A police inspector has been sacked from his £50,000-a-year job after he told bosses he was too ill to work properly – but went on a paragliding holiday abroad.
Inspector Julian Moulton was off sick having told his employers Norfolk Police that he was in ‘significant pain’ and unsteady on his feet.
Moulton then went abroad for a paragliding holiday where he was injured after he had an accident while taking part in the sport.
After sustaining further injuries during the accident which delayed his return to work the inspector then tried to cover up how he was hurt and the fact that he had been abroad when it happened.
He did not tell his bosses the injuries were from a paragliding accident and instead claimed his ‘existing injuries’ were the reason he was unable to do his job.
A misconduct hearing at Norfolk Police headquarters found Inspector Moulton was dishonest
A misconduct hearing at Norfolk Police headquarters found Inspector Moulton was dishonest when stating how he had suffered his injuries because the account he gave of his physical impairment resulting from his existing injury was untrue because he had been well enough to go paragliding.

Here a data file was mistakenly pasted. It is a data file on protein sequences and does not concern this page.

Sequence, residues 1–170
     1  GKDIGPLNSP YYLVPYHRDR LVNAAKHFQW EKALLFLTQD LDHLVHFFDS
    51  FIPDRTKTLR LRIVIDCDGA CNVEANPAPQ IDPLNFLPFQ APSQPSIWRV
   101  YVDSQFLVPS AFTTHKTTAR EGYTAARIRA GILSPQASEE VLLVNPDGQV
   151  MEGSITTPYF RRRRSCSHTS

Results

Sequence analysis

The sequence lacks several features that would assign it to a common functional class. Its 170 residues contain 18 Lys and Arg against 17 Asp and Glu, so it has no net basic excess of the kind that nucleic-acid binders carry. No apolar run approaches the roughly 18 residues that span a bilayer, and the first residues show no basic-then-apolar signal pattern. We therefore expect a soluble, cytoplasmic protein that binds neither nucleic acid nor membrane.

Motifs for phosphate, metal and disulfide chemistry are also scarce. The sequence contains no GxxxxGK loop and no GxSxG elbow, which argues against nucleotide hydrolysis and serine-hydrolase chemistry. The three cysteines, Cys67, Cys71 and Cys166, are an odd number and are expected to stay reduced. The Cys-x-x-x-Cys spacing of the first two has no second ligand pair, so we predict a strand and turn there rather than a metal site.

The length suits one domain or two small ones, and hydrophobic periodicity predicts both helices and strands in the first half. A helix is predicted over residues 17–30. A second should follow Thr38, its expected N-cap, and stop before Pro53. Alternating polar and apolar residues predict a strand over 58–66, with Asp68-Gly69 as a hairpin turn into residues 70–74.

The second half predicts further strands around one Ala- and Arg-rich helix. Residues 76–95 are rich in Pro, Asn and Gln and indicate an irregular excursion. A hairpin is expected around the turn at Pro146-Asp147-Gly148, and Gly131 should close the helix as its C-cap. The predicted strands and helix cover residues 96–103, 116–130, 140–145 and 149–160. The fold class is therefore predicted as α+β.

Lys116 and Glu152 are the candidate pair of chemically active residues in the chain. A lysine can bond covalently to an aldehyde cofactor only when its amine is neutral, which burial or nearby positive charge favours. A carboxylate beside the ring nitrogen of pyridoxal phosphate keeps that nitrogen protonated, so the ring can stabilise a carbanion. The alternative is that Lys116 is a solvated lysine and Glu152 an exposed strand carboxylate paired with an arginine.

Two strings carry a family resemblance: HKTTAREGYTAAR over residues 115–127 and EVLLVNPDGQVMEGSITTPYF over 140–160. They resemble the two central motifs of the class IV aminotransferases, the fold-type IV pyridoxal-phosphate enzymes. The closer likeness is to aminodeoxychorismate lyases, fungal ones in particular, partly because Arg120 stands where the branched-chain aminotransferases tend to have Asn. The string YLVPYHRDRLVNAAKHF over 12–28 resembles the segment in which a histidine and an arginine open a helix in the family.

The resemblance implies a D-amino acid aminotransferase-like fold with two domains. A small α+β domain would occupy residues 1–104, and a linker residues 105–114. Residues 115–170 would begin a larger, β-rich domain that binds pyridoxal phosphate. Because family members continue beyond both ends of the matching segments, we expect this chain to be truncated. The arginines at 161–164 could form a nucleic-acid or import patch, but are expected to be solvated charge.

The panel decided that the officer’s conduct breached the Standards of Professional Behaviour and he was dismissed without notice though he has a right of appeal to a Police Appeals Tribunal.
A spokesman for Norfolk Police said: ‘We expect the highest level of personal and professional behaviour from all of our officers but Julian Moulton was found to have fallen far short of those expectations.
‘He reported being unable to carry out his full role due to a medical condition and as such was placed on restricted duties. This meant that he did not work full hours and was limited in the tasks that could be given to him.
‘While on restricted duties he was involved in an accident taking part in paragliding activities overseas during which he sustained further injuries. He was also found to have not been honest about how these injuries were sustained.
‘Such behaviour clearly breaches the high levels of integrity we expect from our officers. We recognise that the actions of Julian Moulton risk undermining public confidence in policing.
‘We also know that his hard-working former colleagues will feel let down by his actions.
‘It is important that the outcome of these hearings are publicised so that communities and our workforce are aware of action taken by the force when conduct falls short of the standards expected.’